“The medical examiner ruled my mother’s death a homicide? How is that possible? Did they even have the right body?”

“Alas, it’s too, too unfortunately true,” he said in his Clarence Darrow fake brogue. His accents are all over the map. Since he views Virginia as “The Deep South” (it’s not) he’s been trying to work some corn-pone into his act but it only makes him sound more Irish.

“Don’t worry – no decent judge would allow this into the record. We’re debating it today outside the presence of the jury. It’s outrageously prejudicial. If that hayseed does allow it, it’s a clear reversible error. We’d win on appeal.”

“Are they trying to say Oz killed my mother?”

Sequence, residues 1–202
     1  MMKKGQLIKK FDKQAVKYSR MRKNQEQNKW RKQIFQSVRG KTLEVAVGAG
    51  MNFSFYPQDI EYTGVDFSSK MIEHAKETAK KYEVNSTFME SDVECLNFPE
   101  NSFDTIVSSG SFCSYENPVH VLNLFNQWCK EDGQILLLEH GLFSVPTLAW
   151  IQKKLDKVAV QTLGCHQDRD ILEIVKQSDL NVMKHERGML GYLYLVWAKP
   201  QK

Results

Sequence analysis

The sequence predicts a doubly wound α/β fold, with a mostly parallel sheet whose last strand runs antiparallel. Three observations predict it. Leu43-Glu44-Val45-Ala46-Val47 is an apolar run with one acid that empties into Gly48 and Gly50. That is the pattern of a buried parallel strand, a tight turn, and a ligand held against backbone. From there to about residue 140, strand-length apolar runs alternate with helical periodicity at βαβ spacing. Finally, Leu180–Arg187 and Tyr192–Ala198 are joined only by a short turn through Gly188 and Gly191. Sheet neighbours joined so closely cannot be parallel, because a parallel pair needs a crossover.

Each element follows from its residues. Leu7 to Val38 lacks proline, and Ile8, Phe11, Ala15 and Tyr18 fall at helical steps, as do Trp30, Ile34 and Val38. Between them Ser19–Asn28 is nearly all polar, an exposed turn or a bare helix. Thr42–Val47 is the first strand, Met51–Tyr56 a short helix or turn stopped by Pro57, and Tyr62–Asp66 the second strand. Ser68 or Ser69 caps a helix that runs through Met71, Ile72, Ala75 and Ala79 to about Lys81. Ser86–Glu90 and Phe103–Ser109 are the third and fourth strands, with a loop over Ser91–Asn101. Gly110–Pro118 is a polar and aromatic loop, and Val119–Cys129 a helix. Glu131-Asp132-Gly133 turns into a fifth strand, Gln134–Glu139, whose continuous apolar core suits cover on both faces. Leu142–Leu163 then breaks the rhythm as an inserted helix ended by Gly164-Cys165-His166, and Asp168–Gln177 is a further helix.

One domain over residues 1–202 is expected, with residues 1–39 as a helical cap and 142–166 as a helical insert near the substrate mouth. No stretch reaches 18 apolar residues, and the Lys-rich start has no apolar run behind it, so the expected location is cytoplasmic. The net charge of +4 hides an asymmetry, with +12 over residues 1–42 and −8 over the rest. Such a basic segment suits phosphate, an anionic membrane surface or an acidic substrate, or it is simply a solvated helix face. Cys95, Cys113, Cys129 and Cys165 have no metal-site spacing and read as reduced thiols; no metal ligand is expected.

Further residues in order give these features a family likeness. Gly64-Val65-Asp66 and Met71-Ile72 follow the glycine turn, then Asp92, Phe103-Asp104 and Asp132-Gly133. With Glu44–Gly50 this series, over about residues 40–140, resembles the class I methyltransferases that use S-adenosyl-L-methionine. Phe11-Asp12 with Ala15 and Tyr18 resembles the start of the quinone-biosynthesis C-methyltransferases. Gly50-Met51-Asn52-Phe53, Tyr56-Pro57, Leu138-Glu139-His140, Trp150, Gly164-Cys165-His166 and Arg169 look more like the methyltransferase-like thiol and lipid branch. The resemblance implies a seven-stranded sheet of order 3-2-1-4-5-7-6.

He flapped both tie and jowls at me.

“That’s what they’re trying to say.”

I tried to imagine Oz as Aneurysm Man, the fiendish arch villain who broke into people’s brains at will! Too stupid.

Craig looked at his watch.

“We should have a family meeting. It’s getting late — maybe we should assemble at court, in the conference room.”

But Oz would be there. Would he comfort us or make it worse? He’d been unreliable lately. Suitably beaten-down in open court, in conference he was almost gleeful, as if this final calamity proved all his lifelong theories. It was almost as if he was enjoying this. I couldn’t bear it if he, too, boogied on my mother’s grave.

“I’m not sure the girls should go to court to hear all this,” Mina protested, with mouselike courage. “It’s so disgusting. If the judge doesn’t allow it, what’s the point?”